But I do have a couple of wrinkled leaves here and there which suggest it's need.
I will look up ths fish and also check the other subspecies that I intend to get as well as the RCS(two tanks, the couple of them in my Pigmy sunfish tank will have to take their chances but the shrimp tank can be regulated by their needs) as this (lack of it) may well be the reason for the gap in the shrimps shells.
The specific part of this about the PH is plant related but the "collected" sunfish did
come from water with a 6.4 PH but since they come from the entire Gulf Coast region that lets you know they can live in most any PH within reason. But that same wide range tells me it will be hard to pin down a specific preferred GH.

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post #5 of 6 (permalink) Old 03-30-2014, 03:26 PM
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Fish and the type of shrimp you have (Neos) can live with a wide range of ph levels. Plants do better in ph levels of 7 or below? If my plants weren't doing well, the last thing I would think it was is the ph, same with fish. I have never heard of anyone wanting to adjust for their plants nor is there much talk I have seen about it in diagnosis in plant problems...just wondering where you read it? I think both are much more dependent on gh levels. What is the gh level of your tap?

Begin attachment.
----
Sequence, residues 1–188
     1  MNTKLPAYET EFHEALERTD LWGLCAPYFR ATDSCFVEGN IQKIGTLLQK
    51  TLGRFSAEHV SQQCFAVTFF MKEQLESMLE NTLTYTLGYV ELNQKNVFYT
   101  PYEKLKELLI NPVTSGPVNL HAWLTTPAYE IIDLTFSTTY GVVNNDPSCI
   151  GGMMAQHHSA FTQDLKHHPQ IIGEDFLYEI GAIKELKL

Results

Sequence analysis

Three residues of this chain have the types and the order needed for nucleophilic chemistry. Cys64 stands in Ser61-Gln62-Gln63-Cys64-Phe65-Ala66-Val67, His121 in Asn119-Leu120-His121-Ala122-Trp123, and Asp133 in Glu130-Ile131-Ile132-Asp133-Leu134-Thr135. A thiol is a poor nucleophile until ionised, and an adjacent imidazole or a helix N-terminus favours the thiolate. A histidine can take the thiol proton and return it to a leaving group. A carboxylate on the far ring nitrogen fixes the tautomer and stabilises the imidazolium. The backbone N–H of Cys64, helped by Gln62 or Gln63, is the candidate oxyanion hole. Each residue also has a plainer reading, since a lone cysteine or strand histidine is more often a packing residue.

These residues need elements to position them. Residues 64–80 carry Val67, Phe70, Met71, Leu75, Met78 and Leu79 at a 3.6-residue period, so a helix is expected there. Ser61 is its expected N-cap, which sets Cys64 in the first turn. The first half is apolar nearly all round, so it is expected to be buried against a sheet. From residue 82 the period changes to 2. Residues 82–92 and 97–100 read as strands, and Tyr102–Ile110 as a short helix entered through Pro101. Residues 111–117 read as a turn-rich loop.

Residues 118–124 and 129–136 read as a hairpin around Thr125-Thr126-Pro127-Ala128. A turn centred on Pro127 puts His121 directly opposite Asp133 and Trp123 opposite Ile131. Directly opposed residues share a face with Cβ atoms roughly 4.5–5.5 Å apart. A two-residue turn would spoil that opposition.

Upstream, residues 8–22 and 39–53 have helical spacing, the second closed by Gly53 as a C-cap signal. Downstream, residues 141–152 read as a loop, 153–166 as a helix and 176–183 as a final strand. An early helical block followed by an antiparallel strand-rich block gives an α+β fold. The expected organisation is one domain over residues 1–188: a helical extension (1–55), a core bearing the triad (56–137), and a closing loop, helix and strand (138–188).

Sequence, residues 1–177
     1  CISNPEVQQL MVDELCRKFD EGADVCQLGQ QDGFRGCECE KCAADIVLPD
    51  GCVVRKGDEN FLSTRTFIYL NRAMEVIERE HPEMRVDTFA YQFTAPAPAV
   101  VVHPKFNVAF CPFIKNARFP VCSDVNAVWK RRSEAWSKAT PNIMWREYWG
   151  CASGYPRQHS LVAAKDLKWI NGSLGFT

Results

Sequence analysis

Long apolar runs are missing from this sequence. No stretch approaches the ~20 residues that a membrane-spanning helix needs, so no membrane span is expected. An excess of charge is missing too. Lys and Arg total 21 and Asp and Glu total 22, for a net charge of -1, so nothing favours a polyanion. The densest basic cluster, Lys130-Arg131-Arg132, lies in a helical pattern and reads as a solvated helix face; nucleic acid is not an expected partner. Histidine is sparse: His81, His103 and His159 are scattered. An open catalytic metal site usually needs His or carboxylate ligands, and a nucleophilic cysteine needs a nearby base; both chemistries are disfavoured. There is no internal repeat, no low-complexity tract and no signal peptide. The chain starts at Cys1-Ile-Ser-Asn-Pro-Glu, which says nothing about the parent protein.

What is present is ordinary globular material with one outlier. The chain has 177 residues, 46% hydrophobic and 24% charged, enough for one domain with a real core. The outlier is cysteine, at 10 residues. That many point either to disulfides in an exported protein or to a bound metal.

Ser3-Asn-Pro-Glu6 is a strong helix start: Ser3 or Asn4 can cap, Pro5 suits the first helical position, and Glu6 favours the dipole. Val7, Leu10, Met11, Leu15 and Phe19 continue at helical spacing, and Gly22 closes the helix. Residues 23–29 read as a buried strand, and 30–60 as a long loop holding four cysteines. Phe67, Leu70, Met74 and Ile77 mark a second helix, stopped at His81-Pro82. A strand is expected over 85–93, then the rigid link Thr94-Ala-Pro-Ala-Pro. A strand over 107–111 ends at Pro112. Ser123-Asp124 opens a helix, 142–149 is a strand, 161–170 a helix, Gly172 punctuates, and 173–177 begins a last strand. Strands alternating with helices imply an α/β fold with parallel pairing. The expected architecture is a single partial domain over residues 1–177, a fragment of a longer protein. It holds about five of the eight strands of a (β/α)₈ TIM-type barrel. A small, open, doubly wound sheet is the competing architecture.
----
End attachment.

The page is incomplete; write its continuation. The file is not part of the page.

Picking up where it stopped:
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post #6 of 6 (permalink) Old 03-30-2014, 05:33 PM
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pH and plants:

Different fertilizers enter into compounds with soil molecules.
At different pH different fertilizers can be more available (looser bonds or other reasons) and other ferts can be quite tightly bound, and so much less available.

As a rough guide the maximum level of fertilizers being available to most plants is when the pH is pretty close to neutral and just below. pH from about 6.5 to 7.0

BUT!

We are adding fertilizers to our tanks frequently.
Even at extreme pH levels the fertilizers are not getting locked up so fast that the plants would show deficiencies as long as we are steadily adding ferts.

There is not therefore the need to micromanage the pH in the aquariums from the plants' point of view.

Much better to set the GH (calcium and magnesium levels) at the right level for the fish.
If you have livestock that can handle a wide range of conditions, then set this wherever you want within that range. If any one animal you are keeping demands a narrow range, then target that range.